Market Gardening as a Livelihood Strategy: a Case Study of Rural-Urban Migrants in Kapit, Sarawak, Malaysia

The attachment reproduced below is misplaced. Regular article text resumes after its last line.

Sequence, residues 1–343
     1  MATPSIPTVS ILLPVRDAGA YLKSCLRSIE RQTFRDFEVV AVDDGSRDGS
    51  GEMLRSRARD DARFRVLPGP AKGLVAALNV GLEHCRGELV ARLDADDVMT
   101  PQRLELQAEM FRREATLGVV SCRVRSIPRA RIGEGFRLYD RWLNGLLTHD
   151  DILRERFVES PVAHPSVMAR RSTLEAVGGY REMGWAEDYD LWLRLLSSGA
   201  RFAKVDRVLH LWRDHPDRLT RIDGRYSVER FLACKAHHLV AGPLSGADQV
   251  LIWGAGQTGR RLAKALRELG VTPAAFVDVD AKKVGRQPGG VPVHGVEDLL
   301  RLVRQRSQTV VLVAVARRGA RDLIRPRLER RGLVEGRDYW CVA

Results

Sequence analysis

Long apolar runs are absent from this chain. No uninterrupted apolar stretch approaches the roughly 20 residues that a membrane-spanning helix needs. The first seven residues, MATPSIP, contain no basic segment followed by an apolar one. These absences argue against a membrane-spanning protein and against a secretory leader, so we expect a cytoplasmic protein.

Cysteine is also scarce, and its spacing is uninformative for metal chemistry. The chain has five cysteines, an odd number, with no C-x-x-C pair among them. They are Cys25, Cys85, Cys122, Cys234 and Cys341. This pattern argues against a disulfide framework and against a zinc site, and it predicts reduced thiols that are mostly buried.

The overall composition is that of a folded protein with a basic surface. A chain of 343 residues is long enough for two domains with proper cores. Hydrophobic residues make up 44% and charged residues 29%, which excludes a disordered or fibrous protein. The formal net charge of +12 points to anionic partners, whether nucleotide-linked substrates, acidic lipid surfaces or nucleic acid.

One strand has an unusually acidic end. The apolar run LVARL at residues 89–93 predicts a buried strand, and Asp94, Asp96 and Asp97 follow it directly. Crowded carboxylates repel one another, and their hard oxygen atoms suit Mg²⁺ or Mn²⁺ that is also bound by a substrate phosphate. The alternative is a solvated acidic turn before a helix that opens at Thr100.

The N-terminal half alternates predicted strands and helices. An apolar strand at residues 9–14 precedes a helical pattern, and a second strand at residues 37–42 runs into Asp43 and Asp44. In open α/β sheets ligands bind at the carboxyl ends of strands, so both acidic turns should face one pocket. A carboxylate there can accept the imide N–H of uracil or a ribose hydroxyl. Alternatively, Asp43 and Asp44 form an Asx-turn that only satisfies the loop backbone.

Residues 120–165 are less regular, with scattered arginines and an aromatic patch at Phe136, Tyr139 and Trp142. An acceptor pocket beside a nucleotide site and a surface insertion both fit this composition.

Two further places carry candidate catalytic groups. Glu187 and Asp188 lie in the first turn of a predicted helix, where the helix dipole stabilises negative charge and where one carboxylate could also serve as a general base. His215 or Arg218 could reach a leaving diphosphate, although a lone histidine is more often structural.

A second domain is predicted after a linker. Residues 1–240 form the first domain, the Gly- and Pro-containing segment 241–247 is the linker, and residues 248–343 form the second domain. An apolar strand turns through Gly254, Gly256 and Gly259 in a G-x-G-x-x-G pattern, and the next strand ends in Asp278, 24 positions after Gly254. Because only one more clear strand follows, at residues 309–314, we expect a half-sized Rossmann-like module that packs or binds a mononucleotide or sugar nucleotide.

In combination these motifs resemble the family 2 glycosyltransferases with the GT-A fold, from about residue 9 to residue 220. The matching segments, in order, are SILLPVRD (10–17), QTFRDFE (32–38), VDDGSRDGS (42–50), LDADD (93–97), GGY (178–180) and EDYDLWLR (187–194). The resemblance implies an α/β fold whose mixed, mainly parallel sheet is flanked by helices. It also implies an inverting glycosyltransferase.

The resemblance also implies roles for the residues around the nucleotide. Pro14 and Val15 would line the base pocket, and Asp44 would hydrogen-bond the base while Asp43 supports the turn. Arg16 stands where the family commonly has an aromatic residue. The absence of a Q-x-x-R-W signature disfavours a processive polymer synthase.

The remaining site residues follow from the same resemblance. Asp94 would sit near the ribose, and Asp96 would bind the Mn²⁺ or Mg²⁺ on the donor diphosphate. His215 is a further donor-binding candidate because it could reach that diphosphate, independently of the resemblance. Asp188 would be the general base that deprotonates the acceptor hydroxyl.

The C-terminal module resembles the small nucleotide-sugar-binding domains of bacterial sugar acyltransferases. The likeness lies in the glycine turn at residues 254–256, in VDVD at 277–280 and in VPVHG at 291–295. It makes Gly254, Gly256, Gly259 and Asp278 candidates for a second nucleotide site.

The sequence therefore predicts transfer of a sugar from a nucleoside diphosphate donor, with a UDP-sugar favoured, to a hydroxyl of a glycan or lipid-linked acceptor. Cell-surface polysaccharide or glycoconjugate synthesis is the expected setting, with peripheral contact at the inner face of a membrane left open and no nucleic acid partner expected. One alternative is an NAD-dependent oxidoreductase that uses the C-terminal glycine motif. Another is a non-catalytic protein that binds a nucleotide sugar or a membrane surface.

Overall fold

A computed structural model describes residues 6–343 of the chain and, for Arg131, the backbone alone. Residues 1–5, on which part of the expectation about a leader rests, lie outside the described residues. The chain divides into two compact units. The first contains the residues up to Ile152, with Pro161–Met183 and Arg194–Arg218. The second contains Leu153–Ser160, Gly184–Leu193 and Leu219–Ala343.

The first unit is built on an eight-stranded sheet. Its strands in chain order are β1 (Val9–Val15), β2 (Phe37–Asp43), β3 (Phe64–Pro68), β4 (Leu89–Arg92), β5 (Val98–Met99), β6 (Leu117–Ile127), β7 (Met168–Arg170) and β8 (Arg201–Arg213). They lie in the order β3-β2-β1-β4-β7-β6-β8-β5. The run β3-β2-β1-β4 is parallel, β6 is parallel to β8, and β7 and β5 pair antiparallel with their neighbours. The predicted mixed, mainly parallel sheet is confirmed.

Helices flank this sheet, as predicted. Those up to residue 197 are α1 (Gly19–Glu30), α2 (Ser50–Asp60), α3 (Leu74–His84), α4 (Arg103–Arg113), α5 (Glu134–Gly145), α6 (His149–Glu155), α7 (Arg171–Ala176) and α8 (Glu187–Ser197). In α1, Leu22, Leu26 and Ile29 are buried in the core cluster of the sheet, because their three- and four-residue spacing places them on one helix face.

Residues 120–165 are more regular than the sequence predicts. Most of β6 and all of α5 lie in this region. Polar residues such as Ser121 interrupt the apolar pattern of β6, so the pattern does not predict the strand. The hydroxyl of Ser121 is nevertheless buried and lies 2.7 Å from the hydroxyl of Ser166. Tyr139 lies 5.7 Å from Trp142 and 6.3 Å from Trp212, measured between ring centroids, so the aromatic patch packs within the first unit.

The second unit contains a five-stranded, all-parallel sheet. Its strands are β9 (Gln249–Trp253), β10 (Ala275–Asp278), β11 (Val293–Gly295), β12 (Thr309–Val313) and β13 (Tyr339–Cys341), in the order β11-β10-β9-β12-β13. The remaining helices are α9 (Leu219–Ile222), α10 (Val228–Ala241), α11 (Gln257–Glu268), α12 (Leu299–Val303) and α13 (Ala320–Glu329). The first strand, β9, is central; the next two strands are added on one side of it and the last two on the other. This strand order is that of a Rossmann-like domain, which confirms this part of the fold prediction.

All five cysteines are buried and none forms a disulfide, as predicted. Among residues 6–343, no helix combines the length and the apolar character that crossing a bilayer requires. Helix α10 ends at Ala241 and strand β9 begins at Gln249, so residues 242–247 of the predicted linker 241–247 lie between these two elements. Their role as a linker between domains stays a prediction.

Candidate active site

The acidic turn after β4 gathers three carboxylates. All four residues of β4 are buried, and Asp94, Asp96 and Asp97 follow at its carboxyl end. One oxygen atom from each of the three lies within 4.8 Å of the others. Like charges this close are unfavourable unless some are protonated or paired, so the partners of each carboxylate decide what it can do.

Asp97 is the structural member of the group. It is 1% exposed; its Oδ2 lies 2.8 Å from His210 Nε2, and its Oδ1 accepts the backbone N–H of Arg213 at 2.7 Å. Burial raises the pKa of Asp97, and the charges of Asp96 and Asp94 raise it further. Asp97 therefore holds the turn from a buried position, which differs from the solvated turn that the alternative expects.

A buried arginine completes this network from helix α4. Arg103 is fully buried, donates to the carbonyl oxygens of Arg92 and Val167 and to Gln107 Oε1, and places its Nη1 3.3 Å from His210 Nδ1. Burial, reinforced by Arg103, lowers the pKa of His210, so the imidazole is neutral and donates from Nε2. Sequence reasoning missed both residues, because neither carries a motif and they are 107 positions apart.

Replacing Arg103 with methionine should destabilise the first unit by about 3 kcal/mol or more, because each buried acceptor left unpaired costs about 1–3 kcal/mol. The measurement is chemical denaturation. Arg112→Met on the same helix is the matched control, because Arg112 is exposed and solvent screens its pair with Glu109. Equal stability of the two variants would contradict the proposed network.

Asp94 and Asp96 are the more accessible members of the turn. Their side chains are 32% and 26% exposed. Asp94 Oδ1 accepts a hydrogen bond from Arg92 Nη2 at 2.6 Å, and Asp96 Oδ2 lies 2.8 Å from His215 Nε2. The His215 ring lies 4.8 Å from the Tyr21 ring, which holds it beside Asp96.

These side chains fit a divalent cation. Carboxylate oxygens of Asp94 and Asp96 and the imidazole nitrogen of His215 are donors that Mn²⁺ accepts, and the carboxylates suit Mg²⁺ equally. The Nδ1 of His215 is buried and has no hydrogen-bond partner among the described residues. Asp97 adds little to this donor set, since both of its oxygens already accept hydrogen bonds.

This research investigates the role market gardening plays in the livelihood strategies of rural-urban migrants. It contributes to the literature on market gardening, livelihood strategies and migration by positioning market gardening as a highly flexible and adaptable mechanism for managing the rural-urban transition among households with few labour alternatives. Such perspective elevates market gardening from simply being a land use category to being an active instrument in the management of rural-urban migration processes. The expanding urban centre of Kapit, Sarawak, Malaysia is used as a case study of a rapidly expanding small town in a predominantly rural domain. Market gardening emerges as an important source of income for both individuals and households as rural-urban migrants negotiate the transition between farming and urban settlement. Many rural-urban migrants adopt market gardening or associated market selling as their first employment in urban centres. First generation migrants often have low off-farm skills which limit their ability to take on alternative occupations. While a rise in market gardening activity is enabled by a growth in demand for fresh vegetables, in the context of Sarawak it is also heavily influenced by the involvement of the state that actively encourages participation, provides advice to farmers and offers subsidies. The expansion of roads from rural to urban areas also plays an important role in improving market gardeners access to urban markets, as well as their access to material inputs. At the same time, increased access has heightened competition by attracting new entrants to urban vegetable markets. Interviews with 10 sellers and 30 market gardeners from Kapit were conducted in 2004. In contrast to market gardening in larger centres documented in the literature, this small isolated town case identifies market gardeners as typically middle-aged, rural-urban migrant women with limited education and employment skills other than subsistence farming. Market gardening and associated selling is adopted because they are unable to acquire alternative employment to support their household and children’s education. As such, market gardening in the urban setting is a logical extension of the woman’s role as the primary farmer in rural areas.